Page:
Quileute Indians. A Chimakuan tribe, now the only representative of the linguistic stock, whose main seat is at Lapush, at the mouth of Quillaynte river, about 35 miles south of Cape Flattery, west coast of Washington. A small division of the tribe, the Hoh live at the mouth of the river of the same name, 15 miles south of Lapush. Since they have been known to the whites the Quileute have always been few in number, but being of an independent and warlike disposition and occupying an easily defended situation, they have successfully resisted all the attempts of neighboring tribes to dislodge them. Their most active enemies have been the Makah, of Neah bay, and until they came under the control of the United States petty warfare between the two tribes was constant. The Quileute are noted for their skill in pelagic sealing and are the most successful in that pursuit of all the tribes of the coast. They are also daring whalers, but have not attained the proficiency of the Makah. Salmon are caught in considerable numbers and constitute an important article of food. Roots and berries of various kinds are also much used. Although the woods in their vicinity abound with deer, elk, and bear, the Quilteute seem to have hunted them but little and have confined themselves to a seafaring life. There is evidence that a clan system of some sort formerly existed among them, but is now broken down. Their customs as well as their mythology indicate a possible connection with the tribes of Vancouver island. The Quileute, together with the Quinaielt, by treaty at Olympia, July 1, 1855, and Jan. 25, 1856, ceded all their lands to the United States and agreed to remove to a reserve to be provided for them in Washington Territory. The tribe has gradually diminished until now it numbers but slightly more than 200. They are under the jurisdiction of the Neah Bay agency.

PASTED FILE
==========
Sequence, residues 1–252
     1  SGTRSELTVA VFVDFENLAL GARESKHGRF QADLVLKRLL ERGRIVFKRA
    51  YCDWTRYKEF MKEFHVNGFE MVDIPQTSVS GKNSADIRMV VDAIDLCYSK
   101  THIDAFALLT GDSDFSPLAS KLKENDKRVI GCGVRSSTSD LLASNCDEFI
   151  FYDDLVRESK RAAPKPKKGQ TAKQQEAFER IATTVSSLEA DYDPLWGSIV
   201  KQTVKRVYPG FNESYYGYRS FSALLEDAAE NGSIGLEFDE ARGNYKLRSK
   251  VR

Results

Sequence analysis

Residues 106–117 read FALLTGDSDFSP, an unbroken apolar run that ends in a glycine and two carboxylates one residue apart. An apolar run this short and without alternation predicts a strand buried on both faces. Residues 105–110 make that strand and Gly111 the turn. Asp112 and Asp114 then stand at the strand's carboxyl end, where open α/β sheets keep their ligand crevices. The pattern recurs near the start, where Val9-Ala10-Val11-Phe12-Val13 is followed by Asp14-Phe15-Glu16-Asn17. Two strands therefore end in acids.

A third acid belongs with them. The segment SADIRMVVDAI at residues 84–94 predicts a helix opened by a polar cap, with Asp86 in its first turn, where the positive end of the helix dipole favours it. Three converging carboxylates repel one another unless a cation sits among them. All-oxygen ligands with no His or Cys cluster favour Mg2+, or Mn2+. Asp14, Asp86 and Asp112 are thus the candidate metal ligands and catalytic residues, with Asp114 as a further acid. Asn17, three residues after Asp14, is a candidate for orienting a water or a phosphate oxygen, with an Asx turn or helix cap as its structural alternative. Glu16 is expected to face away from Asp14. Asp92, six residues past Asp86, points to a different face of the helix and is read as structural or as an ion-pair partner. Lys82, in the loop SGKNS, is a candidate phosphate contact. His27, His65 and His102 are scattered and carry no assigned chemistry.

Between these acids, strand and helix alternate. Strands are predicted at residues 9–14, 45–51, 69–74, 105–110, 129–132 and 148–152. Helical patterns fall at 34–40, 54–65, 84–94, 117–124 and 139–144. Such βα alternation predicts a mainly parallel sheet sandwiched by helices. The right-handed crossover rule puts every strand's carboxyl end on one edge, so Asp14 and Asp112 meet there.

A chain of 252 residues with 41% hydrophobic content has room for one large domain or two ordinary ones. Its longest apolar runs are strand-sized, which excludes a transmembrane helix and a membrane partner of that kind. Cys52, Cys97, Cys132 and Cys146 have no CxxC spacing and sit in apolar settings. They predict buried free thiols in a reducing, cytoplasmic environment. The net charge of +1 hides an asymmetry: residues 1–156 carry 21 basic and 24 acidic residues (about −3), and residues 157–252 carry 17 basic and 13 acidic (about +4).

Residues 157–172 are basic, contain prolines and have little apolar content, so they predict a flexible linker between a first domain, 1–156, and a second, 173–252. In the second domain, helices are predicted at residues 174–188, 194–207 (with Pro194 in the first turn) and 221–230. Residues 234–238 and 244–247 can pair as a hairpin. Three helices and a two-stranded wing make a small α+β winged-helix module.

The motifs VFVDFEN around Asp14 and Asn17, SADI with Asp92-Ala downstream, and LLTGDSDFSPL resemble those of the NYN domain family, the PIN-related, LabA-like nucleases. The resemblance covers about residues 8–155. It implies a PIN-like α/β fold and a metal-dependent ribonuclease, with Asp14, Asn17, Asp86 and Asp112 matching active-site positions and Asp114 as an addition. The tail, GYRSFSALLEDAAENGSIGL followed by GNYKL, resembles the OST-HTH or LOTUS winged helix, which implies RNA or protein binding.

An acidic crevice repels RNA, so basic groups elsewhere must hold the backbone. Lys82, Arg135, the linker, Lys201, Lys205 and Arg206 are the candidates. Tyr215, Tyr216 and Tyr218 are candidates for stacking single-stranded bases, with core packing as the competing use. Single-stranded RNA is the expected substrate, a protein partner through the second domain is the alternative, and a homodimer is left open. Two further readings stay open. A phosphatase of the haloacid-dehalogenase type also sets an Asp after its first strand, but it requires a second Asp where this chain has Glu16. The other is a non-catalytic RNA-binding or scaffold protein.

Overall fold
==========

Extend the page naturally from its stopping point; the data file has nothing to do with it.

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Bands of the Quileute Indians
The Quileute Tribe was broken down into bands.